Officials from football's world governing body Fifa took bribes totalling hundreds of millions of dollars over more than 20 years to allocate tournaments and rig elections, US law enforcement officials say.
Prosecutors said they had discovered a dozen schemes, including one awarding the 2010 World Cup to South Africa.
Fourteen people are under indictment.
Fifa president Sepp Blatter is not among them. Fifa intends to go ahead with a planned election on Friday.
US Attorney General Loretta Lynch was giving details of the US investigation into football's governing body.
Seven of the 14 sports officials were arrested in Switzerland on Thursday morning.
They are accused of accepting bribes and kickbacks estimated at more than $150m (£97m) over a 24-year period.
"This really is the World Cup of fraud and today we are issuing Fifa a red card," said Richard Weber, from the Internal Revenue Service (IRS).
Fifa executives "used their positions to solicit bribes," said Ms Lynch. "They did this over and over, year after year, tournament after tournament."
"They corrupted the business of worldwide soccer to serve their interests and to enrich themselves,"
One of those indicted, former Fifa vice-president Jack Warner, took $10 million in bribes from the South African government over the 2010 World Cup, the indictment alleged.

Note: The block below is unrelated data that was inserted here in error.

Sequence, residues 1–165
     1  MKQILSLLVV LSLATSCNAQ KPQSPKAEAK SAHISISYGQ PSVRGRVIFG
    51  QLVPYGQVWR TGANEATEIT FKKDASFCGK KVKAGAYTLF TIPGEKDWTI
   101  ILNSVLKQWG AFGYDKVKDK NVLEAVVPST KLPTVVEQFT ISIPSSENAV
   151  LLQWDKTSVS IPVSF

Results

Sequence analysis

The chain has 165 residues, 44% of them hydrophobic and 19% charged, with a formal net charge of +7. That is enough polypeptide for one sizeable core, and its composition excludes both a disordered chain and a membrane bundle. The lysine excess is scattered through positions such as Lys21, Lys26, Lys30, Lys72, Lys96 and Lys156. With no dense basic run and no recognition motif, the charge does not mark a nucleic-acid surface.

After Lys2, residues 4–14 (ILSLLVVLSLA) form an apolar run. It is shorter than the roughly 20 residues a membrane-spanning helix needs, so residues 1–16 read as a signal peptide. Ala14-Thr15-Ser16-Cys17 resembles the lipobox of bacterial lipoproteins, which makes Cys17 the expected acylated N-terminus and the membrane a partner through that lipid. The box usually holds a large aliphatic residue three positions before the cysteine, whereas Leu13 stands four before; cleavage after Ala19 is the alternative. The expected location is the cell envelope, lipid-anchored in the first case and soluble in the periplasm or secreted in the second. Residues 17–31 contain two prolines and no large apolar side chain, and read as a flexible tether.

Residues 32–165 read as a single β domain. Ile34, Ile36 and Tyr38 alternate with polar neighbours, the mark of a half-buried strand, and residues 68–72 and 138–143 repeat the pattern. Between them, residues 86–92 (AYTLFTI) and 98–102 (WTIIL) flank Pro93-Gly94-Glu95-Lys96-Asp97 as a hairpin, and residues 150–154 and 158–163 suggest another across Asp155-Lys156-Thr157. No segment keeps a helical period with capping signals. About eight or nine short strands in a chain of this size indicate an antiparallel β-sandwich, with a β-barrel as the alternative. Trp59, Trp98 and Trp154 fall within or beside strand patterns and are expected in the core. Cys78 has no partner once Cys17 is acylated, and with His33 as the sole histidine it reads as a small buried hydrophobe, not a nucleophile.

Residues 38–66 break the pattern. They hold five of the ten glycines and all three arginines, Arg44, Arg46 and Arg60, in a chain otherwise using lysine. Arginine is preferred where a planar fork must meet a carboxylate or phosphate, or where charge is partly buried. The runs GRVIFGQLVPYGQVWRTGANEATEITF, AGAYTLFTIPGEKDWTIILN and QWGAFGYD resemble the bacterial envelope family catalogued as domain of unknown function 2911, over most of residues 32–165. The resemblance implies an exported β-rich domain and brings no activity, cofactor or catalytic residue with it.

When details of the indictment first emerged, Mr Warner said he was innocent and said "the actions of Fifa no longer concern me".
The Swiss have also opened a separate investigation into the bidding process for the World Cup tournaments in 2018 in Russia and 2022 in Qatar.
Swiss police said they would question 10 Fifa executive committee members who participated in the votes that selected the two countries.
This is the "beginning, not the end, of the investigation", Acting US Attorney Kelly Currie said.
Fifa earlier said it welcomed the process and said the vote to elect its next president would go ahead on Friday.